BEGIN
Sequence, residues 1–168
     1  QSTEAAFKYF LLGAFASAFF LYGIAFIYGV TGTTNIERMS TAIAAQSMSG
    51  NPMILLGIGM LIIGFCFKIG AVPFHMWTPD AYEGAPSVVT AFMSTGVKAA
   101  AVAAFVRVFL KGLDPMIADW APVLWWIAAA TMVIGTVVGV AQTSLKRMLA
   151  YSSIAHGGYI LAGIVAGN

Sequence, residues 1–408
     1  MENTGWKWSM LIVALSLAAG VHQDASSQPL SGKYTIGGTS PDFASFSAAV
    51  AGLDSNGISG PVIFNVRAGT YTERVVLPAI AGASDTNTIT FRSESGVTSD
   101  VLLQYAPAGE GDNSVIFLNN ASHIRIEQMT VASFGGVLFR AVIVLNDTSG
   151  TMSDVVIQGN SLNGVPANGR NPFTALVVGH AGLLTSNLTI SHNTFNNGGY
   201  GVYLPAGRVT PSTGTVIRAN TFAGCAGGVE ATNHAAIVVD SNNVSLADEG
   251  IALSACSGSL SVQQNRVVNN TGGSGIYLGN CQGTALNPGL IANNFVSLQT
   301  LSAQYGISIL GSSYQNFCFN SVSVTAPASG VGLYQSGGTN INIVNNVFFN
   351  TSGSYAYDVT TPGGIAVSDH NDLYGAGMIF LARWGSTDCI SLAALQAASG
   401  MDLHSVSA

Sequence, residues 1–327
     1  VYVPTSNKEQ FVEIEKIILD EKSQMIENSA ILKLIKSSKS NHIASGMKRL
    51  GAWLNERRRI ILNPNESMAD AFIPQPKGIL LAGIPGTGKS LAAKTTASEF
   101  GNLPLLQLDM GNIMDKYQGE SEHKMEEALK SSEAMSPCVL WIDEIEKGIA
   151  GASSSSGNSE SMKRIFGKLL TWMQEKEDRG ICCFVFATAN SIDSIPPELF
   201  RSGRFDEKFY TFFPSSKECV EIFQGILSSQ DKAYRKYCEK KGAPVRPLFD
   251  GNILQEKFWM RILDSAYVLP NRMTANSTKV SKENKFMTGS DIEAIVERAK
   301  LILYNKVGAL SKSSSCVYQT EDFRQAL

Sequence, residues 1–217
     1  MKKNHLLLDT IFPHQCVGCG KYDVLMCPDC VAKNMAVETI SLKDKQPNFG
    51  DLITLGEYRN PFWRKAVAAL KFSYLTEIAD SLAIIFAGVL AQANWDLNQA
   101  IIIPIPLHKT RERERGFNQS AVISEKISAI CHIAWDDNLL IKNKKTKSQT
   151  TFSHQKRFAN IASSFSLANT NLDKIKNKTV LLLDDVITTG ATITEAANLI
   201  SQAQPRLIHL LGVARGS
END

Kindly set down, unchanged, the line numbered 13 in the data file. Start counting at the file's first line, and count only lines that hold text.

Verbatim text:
   301  LSAQYGISIL GSSYQNFCFN SVSVTAPASG VGLYQSGGTN INIVNNVFFN